Health workers attest to dwindling supplies: ‘Even Purell is running low’

Nurses do their best with very limited protection. In some hospitals one surgical mask is reused for five days.

By Lindy Rosales

As the coronavirus pandemic continues to claim lives, the United States is leading the world with the most number of people infected at more than 100,000 as of March 27. In the U.S., the epicenter points to New York State with at least 81,000 cases.

New York Governor Andrew Cuomo has asked for 30,000 ventilators for confined patients as the state anticipates the epidemic to peak in the coming weeks. There have been reports that in some hospitals, one ventilator is shared by two patients taking turns, which is not an ideal situation. Currently, the state has procured 7,000 units while the federal government has sent it 4,000, even as  Donald Trump brushed aside the urgent need saying, “I don’t believe you need 30,000 or 40,000 ventilators.”

The FilAm spoke to health care workers in the Filipino American community who are at the frontline and fighting the battle against COVID-19.  Here are their stories.  We are withholding some identities for confidentiality reasons.

John Marcelo is a Nurse Practitioner who works for a private hospital. Although his hospital is affiliated with a big health care system in New York City, its administrator has asked everyone to use their masks sparingly and conserve other resources.

“We are fortunate as we have several facilities and can share our resources, but were told to be careful and avoid wasteful use because they are anticipating that this pandemic will last for a couple of months,” he said.

“A surgical mask is used over the N95 respirator to protect the N95 and make it last longer,” he said.  

Two words that resonated in claps across the city as well as in this message across the street from Elmhurst Hospital. Photo: Mayor Bill de Blasio’s Facebook page

Their policy is that once inside the hospital premises, all employees must use a surgical mask. The staff is supplied with reusable face shields glasses that they have to clean.

Jimmy Rustia, a Registered Nurse (RN), disclosed there is a shortage of supplies and equipment in his hospital.

“Definitely, there is a shortage of supplies, specifically PPEs (Personal Protective Equipment). Right now, surgical masks and N95 are being rationed to nurses, we have to sign for it. If we can use one mask for the entire shift, then we do it,” he said. “Some of the nurses buy their own N95s just to have their own.”

Jimmy is hoping that in the next few days they will be getting the supplies that the federal government has promised.

“But as nurses, we don’t stop caring for our patients because of these shortages. We use whatever is handed to us and continue to provide quality nursing care to our patients,” he said.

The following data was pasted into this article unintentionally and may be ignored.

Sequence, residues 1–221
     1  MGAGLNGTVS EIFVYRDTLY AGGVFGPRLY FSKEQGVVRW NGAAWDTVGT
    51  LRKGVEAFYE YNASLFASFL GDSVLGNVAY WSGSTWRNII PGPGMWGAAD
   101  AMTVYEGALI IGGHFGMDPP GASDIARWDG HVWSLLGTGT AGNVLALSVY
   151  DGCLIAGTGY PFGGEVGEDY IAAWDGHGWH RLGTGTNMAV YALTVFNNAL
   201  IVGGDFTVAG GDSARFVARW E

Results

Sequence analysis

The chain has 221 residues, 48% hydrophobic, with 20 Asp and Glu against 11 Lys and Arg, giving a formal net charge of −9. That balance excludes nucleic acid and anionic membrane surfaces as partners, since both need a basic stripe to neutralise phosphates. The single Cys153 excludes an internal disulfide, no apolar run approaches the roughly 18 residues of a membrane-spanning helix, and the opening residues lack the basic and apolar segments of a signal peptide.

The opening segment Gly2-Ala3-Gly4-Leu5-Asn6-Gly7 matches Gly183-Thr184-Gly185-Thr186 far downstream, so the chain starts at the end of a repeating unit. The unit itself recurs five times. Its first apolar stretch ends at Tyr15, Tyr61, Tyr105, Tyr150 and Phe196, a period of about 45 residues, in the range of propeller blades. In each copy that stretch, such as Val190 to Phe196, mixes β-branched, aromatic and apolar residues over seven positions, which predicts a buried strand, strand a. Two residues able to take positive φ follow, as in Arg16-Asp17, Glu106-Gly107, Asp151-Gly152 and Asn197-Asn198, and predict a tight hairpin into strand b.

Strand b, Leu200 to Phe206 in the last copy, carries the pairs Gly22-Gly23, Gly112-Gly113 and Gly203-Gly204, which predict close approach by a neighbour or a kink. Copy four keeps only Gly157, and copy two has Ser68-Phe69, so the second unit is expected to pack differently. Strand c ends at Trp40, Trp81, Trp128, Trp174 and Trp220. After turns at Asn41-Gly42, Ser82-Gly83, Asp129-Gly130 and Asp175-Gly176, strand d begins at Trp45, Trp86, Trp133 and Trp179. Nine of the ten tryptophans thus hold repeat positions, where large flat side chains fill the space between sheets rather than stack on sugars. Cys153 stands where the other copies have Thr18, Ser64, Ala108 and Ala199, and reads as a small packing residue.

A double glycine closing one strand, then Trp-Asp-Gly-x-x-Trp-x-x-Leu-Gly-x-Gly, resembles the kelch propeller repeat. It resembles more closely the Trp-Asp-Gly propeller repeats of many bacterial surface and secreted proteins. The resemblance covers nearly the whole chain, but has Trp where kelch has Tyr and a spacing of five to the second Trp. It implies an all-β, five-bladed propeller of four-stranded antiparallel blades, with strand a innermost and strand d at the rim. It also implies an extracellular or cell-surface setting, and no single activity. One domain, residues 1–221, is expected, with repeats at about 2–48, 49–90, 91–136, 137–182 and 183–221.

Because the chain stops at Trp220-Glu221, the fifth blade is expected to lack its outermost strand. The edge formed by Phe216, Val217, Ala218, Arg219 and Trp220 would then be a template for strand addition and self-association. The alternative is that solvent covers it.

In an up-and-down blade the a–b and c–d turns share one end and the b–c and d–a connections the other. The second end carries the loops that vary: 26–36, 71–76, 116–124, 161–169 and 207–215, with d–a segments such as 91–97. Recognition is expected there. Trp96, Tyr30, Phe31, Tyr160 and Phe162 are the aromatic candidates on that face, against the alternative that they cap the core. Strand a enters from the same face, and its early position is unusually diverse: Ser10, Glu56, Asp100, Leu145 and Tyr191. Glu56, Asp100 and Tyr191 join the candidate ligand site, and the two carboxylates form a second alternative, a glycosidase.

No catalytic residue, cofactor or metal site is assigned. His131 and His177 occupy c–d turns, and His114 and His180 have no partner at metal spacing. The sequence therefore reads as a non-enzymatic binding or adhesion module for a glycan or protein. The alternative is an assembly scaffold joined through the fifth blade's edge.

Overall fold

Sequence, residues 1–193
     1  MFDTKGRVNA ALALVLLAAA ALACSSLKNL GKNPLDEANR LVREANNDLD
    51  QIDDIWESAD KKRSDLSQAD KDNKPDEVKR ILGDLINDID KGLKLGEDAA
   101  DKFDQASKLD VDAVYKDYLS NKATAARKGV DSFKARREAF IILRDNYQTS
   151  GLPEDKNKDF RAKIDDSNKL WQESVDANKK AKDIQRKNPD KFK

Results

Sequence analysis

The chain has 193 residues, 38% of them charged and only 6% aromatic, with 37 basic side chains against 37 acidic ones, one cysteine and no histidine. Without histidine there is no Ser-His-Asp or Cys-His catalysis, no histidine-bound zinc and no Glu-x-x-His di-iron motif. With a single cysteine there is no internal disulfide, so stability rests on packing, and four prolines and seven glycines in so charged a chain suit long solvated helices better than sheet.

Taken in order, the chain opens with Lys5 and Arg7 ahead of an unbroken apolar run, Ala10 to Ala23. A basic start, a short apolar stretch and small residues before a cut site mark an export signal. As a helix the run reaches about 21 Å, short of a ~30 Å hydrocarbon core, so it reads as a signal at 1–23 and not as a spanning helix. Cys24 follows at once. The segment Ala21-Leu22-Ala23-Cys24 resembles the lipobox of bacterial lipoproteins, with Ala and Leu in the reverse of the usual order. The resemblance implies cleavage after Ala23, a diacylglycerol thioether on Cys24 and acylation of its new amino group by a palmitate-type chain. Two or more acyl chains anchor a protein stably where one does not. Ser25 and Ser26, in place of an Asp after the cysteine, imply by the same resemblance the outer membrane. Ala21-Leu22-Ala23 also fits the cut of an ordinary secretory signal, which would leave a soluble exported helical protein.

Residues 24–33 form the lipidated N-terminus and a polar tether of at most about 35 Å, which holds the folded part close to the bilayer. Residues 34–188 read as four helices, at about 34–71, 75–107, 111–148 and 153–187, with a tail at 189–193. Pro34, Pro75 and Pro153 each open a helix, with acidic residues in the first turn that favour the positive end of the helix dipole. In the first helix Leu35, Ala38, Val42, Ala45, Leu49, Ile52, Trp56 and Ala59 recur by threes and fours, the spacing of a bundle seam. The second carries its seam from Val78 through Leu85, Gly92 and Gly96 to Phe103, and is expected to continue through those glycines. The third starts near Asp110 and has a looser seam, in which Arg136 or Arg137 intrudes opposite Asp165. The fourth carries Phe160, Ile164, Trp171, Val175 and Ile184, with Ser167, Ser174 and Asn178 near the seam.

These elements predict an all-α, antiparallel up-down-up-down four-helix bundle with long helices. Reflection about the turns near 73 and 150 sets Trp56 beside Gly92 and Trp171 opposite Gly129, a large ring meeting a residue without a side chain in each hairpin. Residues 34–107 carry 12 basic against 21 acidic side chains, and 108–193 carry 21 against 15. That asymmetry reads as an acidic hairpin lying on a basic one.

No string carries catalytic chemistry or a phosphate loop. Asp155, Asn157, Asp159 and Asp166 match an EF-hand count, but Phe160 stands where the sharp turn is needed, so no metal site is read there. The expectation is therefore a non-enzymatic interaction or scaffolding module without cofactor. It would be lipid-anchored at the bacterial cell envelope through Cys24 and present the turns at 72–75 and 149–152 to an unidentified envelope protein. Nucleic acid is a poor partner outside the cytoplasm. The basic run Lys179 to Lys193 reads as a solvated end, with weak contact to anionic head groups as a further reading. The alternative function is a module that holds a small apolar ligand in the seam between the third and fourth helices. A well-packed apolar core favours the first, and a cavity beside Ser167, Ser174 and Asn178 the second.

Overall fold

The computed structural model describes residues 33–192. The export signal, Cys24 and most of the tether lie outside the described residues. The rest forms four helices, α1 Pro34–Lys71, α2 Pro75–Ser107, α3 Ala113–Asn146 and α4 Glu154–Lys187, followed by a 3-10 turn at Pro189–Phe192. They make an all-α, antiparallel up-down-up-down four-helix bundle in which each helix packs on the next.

Jimmy works in the Post-Anesthesia Care Unit but his unit is being “fitted” to take in overflow COVID-19 patients.

Andrea de Leon works in an acute care hospital in Manhattan. 

Dr. Alice Sta. Maria Almendral dons layers of protective suits, including a face shield, as she prepares to see infected patients.

“Yes, we are conserving our use of PPE. We are preparing for a surge. We have every ventilator set up and ready to go. But PPE is definitely low. Even Purell is running low,” she told The FilAm. 

Each hospital staff is given only one N95 mask to be used on PUIs or Patients Under Investigation for possible COVID-19 infection. They are asked to reuse their masks.

“Every day something changes.  There’s always a new policy for visitors, employees, and so on,” she said.  

According to John, their union, the New York State Nurses Association (NYSNA), is supportive of the nurses and has sent a letter to the governor of New York to call attention to their need for supplies. The NYSNA has regularly shared with their members updates regarding the COVID-19 crisis.

Dr. Alice Sta Maria Almendral, who sees patients through the Telemedicine Care online system, has pleaded for N95, gowns, and masks with shield for her hospital in the Bronx.

“We are in need of PPE at my Bronx medical office,” she wrote on Facebook. “Can anyone spare us with some please.”

A nurse responded, “We don’t have either. We haven’t been using masks.”

An acute care hospital has run out of surgical gowns, and the nurses got creative and started using black garbage bags as a substitute.

© The FilAm 2020

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